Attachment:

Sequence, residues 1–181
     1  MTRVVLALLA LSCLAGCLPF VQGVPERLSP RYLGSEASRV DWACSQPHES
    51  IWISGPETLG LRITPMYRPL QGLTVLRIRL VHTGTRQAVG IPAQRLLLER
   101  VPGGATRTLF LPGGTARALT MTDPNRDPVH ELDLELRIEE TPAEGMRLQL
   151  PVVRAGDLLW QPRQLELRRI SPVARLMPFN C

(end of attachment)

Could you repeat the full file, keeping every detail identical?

Sequence, residues 1–181
     1  MTRVVLALLA LSCLAGCLPF VQGVPERLSP RYLGSEASRV DWACSQPHES
    51  IWISGPETLG LRITPMYRPL QGLTVLRIRL VHTGTRQAVG IPAQRLLLER
   101  VPGGATRTLF LPGGTARALT MTDPNRDPVH ELDLELRIEE TPAEGMRLQL
   151  PVVRAGDLLW QPRQLELRRI SPVARLMPFN C